Charity sector organisations have struggled with the financial impacts of Covid-19. That said, we have also built more resilient and collaborative communities as a response. However, this week two reports have released information to suggest BAME charities need more funding. This is in part to redress the inequalities of the past. It is also a response to the emergent need as a result of Covid. IT is needed to build back stronger and create better opportunities for the future. This will help to eradicate structural inequalities.
The study, “A quantitative analysis of the emergency funding to the UK black and minority ethnic voluntary sector during Covid-19, was commissioned by The Funders For Race Equality Alliance. Following the Baobab study less than a week ago, this concurred that inequalities have been too prevalent in the allocation of funds.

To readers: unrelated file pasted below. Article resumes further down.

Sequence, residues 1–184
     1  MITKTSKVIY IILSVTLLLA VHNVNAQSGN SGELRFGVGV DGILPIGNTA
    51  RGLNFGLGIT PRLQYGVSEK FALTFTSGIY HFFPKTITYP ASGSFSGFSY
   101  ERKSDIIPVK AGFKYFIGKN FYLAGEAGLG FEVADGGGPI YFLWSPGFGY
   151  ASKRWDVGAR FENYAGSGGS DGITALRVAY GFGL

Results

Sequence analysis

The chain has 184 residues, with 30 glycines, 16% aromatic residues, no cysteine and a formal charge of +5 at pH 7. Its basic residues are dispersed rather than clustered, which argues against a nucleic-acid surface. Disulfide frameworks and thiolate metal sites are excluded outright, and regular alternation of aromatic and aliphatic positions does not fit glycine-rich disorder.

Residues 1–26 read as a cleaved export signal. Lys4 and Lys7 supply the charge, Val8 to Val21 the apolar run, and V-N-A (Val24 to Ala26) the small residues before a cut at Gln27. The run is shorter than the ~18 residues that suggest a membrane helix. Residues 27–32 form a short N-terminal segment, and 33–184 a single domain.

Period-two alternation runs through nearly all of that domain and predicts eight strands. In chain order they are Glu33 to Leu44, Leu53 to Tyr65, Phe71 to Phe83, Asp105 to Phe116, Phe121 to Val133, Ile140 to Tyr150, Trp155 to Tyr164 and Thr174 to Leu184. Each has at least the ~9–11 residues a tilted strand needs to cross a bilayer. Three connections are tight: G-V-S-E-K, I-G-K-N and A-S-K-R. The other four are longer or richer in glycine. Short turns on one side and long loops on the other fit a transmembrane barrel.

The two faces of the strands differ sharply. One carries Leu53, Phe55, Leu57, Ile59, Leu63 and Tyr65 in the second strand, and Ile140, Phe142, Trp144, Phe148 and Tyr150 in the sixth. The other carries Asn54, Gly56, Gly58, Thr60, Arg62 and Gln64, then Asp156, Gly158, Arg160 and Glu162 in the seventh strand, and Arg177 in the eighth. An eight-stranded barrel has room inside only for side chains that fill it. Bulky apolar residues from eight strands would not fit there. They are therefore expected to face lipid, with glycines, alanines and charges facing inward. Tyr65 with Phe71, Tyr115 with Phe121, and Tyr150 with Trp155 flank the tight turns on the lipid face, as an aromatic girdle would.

This comes at a time when the government is being criticised for its release of the Sewell Report, which claimed that Britain is not a structurally racist country. It did acknowledge the existence of racism and racial injustice. But it suggested that geography, family influence, socio-economic background, culture and religion all have a greater impact on life chances.
These two reports have emerged as a response to the Sewell report, to evidence that there has historically been underfunding in the sector. Each of them suggests this can be redressed with new funding opportunities.